Comparing the correctness of classical test theory and item response theory in evaluating the consistency and accurancy of student proficiency classifications

  • Author / Creator
    Gundula, Augustine M
  • The purposes of this study were: 1) to compare the values of decision consistency (DC) and decision accuracy (DA) yielded by three commonly used estimation procedures: Livingston-Lewis (LL) and the compound multinomial procedure (CM) procedures, both of which are based on classical test theory approach, and Lee’s IRT procedure based on item response theory approach and 2) to determine how accurate and precise these procedures are. Two population data sources were used: the Junior Reading (N = 128,103) and Mathematics (N = 127,639) assessments administered by the Education Quality and Accountability Office (EQAO) and the three entrance examinations administered by the University of Malawi (U of M; N = 6,191). To determine the degree of bias and the level of precision for both DC and DA, 100 replicated random samples corresponding to four sample sizes (n = 1,500, 3,000, 4,500, 6,000) for the EQAO populations and two sample sizes (n = 1,500, 3,000) for the U of M population were selected. At the population level, there was an interaction between the three procedures and the four cut-scores. While the differences between the values of DC and the values of DA among the three procedures tended to be small for one or both extreme cut-scores, the differences tended to be larger when the cut-score was closer to the population mean. The IRT procedure tended to provide the highest values for both DC and DA, followed in turn by the CM and LL procedures. At the sample level, the estimates of DC and DA yielded by the three estimation procedures were unbiased and precise. Consequently, the findings at the population are applicable at the sample level. Therefore, based on the findings of the present study, the compound multinomial procedure should be used to determine DC and DA when classical test score theory is used to analyze a test and its items and the IRT procedure should be used to determine DC and DA when item response theory is used to analyze a test and its items.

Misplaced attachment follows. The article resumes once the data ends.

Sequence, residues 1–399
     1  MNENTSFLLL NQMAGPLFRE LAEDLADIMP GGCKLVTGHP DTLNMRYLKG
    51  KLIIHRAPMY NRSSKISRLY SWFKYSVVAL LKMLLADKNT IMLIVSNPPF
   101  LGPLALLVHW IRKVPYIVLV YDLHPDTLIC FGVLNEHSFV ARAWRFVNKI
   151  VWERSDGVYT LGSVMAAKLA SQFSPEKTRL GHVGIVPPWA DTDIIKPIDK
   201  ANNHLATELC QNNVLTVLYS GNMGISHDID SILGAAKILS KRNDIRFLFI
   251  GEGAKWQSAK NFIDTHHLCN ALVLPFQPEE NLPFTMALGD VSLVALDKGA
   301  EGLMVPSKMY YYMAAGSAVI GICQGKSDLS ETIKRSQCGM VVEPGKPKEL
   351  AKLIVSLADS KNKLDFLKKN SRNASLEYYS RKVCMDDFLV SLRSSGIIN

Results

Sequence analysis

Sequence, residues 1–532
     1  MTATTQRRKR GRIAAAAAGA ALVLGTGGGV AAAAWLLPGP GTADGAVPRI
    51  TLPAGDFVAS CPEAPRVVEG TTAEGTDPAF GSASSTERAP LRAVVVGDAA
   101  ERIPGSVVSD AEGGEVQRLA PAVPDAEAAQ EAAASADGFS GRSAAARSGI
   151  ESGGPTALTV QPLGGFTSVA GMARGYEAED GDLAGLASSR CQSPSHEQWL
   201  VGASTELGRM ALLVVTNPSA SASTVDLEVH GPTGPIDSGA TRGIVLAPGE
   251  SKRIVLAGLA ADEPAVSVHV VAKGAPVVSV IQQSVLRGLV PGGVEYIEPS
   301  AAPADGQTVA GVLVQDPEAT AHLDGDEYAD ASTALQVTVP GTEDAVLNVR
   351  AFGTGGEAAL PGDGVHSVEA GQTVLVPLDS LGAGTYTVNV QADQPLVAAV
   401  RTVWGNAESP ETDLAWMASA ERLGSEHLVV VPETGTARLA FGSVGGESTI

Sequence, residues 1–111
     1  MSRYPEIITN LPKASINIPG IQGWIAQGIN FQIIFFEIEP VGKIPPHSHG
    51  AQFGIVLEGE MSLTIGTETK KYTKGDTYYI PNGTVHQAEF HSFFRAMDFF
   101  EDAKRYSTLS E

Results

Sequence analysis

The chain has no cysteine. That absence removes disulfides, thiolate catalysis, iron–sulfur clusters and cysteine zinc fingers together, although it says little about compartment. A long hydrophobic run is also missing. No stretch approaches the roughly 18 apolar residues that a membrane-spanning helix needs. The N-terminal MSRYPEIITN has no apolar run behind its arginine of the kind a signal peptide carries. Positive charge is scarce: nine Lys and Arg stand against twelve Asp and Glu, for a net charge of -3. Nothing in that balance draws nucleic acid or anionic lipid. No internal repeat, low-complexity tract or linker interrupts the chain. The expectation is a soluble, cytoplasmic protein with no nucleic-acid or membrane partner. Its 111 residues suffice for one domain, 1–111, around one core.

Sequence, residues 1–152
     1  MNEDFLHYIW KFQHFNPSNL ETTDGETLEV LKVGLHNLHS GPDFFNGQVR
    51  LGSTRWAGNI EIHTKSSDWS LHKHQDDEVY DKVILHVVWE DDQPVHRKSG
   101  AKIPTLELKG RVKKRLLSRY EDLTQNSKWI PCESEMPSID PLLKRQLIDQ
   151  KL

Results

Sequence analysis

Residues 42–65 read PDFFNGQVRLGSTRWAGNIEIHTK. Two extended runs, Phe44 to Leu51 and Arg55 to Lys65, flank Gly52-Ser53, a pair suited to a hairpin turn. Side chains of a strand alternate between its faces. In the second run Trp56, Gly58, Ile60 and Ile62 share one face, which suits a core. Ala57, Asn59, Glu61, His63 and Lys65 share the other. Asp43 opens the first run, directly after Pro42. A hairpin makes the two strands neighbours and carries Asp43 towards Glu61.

• Subjects / Keywords
  • Graduation date
    Fall 2012
  • Type of Item
  • Degree
    Doctor of Philosophy
  • DOI
  • License
    This thesis is made available by the University of Alberta Libraries with permission of the copyright owner solely for non-commercial purposes. This thesis, or any portion thereof, may not otherwise be copied or reproduced without the written consent of the copyright owner, except to the extent permitted by Canadian copyright law.